October 28, 2020

I love to read, and perhaps you do too. Plus, I despise totalitarian dictatorships, and perhaps you do too.  Is there any connection? Perhaps…. In a new book of essays on her reading adventures, titled Ex Libris, the long-time New York Times reviewer Michiko Kakutani mentions one of her favorites, A History of Reading (1996) by Alberto Manguel.  In it, says Kakutani, “Manguel described a tenth-century Persian potentate who reportedly traveled with his 117,000-book collection loaded on the backs of… Read more

October 21, 2020

Embed from Getty Images The Humanities’ Nietzschean Degeneration In a powerful essay appearing this week in Quadrant, Luke Powell laments the rise of a Nietzschean regime among the laborers in the vineyards of the humanities–including myself, I guess. His overall analysis goes like this: a nihilistic approach to the humanities is “only the symptom of a much more problematic malady. In the West today we have abandoned the core values that put these institutions in place. Ultimately, it is our… Read more

October 17, 2020

“The tingly audacity of ‘Natural Born Killers,’ and the addictive pleasure of watching it, begins with the perception that Mickey and Mallory experience not just their infamy but every moment of their lives as pop culture. Their lives are poured through the images they carry around in their heads. The two of them enact a heightened version of a world in which identity is increasingly becoming a murky, bundled fusion of true life and media fantasy. It works something like… Read more

October 10, 2020

Embed from Getty Images OK, I’ll admit it: I do not trust almost anything coming from the White House anymore.  I’ll start there. But who can we trust, anymore? I suppose for up to half of you, dear readers, I am now permanently labeled a Leftist extremist, a tenured radical, a never-Trumper fanatic. But if David Brooks is correct in his latest essay in the Atlantic, we have bigger fish to fry than just our feelings about the president or… Read more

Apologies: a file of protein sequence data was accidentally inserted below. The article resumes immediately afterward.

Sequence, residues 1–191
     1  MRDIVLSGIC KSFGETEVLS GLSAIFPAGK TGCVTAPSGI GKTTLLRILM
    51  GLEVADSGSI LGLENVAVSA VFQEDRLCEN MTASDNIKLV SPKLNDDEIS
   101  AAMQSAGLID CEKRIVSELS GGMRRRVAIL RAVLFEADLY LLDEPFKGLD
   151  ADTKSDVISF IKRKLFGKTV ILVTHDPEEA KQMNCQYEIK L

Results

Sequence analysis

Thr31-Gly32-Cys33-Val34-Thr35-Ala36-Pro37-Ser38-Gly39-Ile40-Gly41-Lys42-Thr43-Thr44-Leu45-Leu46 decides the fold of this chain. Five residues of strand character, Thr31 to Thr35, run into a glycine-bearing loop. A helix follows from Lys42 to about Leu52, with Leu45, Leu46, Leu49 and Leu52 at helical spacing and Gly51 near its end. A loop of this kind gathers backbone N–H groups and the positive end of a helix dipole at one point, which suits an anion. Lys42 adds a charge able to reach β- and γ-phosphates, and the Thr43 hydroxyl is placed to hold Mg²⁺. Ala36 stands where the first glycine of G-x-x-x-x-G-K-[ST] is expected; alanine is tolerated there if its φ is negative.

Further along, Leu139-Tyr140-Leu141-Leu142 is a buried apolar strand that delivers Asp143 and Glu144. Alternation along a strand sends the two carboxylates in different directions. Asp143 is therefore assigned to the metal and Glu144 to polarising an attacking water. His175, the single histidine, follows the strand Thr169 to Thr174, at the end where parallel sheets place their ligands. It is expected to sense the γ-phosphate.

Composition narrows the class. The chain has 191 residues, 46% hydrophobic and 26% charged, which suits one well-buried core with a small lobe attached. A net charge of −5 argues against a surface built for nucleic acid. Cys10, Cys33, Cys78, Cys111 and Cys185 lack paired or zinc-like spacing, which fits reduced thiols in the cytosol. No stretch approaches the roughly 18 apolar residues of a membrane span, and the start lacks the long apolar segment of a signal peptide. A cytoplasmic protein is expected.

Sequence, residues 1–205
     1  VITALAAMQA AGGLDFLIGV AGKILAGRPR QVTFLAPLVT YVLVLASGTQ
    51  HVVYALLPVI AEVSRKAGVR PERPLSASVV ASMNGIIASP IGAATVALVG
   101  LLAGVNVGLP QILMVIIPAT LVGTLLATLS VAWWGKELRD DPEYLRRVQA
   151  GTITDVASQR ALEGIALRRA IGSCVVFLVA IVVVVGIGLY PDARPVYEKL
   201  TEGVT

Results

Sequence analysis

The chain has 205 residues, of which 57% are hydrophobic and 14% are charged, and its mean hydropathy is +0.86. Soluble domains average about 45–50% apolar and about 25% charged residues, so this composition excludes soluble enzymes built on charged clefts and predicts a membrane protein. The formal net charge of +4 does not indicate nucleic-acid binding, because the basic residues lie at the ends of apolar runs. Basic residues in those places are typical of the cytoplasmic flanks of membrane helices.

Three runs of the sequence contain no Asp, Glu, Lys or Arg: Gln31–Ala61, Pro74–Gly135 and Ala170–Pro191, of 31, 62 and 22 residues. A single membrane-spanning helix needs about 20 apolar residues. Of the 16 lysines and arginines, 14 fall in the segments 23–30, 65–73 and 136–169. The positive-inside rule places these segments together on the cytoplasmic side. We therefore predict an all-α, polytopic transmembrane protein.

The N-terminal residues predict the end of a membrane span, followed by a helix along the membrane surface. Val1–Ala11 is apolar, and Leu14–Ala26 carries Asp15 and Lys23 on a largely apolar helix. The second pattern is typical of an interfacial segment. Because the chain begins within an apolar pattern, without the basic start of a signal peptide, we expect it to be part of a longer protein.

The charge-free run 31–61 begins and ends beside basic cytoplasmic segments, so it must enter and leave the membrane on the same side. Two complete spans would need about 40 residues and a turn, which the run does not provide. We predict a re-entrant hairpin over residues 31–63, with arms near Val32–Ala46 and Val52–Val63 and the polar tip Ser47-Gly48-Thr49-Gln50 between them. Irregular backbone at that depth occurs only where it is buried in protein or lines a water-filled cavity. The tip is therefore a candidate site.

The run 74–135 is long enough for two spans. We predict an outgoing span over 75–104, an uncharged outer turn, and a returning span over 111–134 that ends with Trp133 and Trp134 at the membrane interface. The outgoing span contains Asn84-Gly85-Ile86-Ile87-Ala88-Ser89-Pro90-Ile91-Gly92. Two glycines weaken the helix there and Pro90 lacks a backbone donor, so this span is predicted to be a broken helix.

October 6, 2020

Embed from Getty Images The latest installment of the Prufrock Newsletter (which I recommend) reports on a recent article by Alexandra Hudson in National Affairs. Hudson commemorates the 20-year anniversary of Bowling Alone by Robert Putnam, one of the most influential studies of contemporary America: “Americans just aren’t doing things together anymore. By choosing to engage in activities individually rather than communally, he asserted, we were putting at risk America’s capacity to build social capital and undermining our national character… Read more

September 29, 2020

Embed from Getty Images   Our dehumanization of the Negro then is indivisible from our dehumanization of ourselves: the loss of our own identity is the price we pay for our annulment of his. James Baldwin, “Many Thousands Gone” Every man in the chapel hoped that when his hour came he, too, would be eulogized, which is to say forgiven, and that all his lapses, greeds, errors, and strayings from the truth would be invested with coherence and looked upon… Read more

September 17, 2020

Embed from Getty Images “It is good that you grasp one thing and also not let go of the other; for the one who fears God comes forth with both of them.” Ecclesiastes 7:18 A couple of weeks ago, our friends were at home on a typical Saturday evening in Tower Grove South, a genteel neighborhood of older homes next to one of the best parks in St. Louis. Suddenly, the normal Saturday night was shattered, along with most of… Read more

September 15, 2020

Embed from Getty Images I’m launching this blog at Patheos at the tail end of summer of 2020, which is quickly becoming one of the most distracting times of our lives.  Every day brings strange, almost surreal news items. Just the other day, our president advised citizens to vote twice this fall—and more generally, he continued insinuating that the election process is fatally flawed and “rigged.”  Besides the presidential election heating up, and the rising racial tensions, the whole country… Read more

September 7, 2020

Embed from Getty Images Double double toil and trouble/Fire burn and cauldron bubble. Many people have heard this rhyming couplet from Macbeth, and may even recognize it as an incantation of the three Witches. We first meet these three oddities at the play’s famous opening. Entering boldly in a “desert place” featuring thunder and lightning, it’s one of Shakespeare’s most theatrical scenes in any of his plays. Later, Macbeth visits these three for some rather sketchy career advice, and it… Read more

August 30, 2020

Embed from Getty Images I’m launching this blog at Patheos, titled “Spiritual Coffee,” at the tail end of summer of 2020. As some have noted, it’s been a summer like no other in living memory. There are still among us survivors of the invasion into Normandy, France in 1944; survivors of the death camps of Auschwitz and Birkenau; and survivors of America’s home grown internment camps at Manzanar, Topaz, Heart Mountain, and elsewhere. But for most of us: this summer… Read more




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